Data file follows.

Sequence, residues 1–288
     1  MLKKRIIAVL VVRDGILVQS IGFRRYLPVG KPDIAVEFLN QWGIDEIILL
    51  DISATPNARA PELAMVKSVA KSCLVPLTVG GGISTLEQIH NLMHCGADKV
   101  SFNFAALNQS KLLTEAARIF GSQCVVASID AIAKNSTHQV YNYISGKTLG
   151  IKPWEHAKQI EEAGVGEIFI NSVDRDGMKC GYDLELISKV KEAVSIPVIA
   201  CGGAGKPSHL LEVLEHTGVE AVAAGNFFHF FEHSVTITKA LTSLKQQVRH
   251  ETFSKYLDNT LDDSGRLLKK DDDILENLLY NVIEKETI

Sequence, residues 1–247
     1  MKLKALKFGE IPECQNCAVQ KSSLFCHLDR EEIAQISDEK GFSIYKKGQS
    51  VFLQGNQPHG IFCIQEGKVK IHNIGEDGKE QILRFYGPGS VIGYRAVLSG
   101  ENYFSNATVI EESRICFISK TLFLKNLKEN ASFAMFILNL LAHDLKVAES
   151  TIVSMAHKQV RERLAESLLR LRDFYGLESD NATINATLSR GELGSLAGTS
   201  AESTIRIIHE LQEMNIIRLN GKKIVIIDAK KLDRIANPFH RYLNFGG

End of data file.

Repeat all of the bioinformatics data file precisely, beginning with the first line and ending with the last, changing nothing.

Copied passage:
Sequence, residues 1–288
     1  MLKKRIIAVL VVRDGILVQS IGFRRYLPVG KPDIAVEFLN QWGIDEIILL
    51  DISATPNARA PELAMVKSVA KSCLVPLTVG GGISTLEQIH NLMHCGADKV
   101  SFNFAALNQS KLLTEAARIF GSQCVVASID AIAKNSTHQV YNYISGKTLG
   151  IKPWEHAKQI EEAGVGEIFI NSVDRDGMKC GYDLELISKV KEAVSIPVIA
   201  CGGAGKPSHL LEVLEHTGVE AVAAGNFFHF FEHSVTITKA LTSLKQQVRH
   251  ETFSKYLDNT LDDSGRLLKK DDDILENLLY NVIEKETI

Sequence, residues 1–247
     1  MKLKALKFGE IPECQNCAVQ KSSLFCHLDR EEIAQISDEK GFSIYKKGQS
    51  VFLQGNQPHG IFCIQEGKVK IHNIGEDGKE QILRFYGPGS VIGYRAVLSG
   101  ENYFSNATVI EESRICFISK TLFLKNLKEN ASFAMFILNL LAHDLKVAES
   151  TIVSMAHKQV RERLAESLLR LRDFYGLESD NATINATLSR GELGSLAGTS
   201  AESTIRIIHE LQEMNIIRLN GKKIVIIDAK KLDRIANPFH RYLNFGG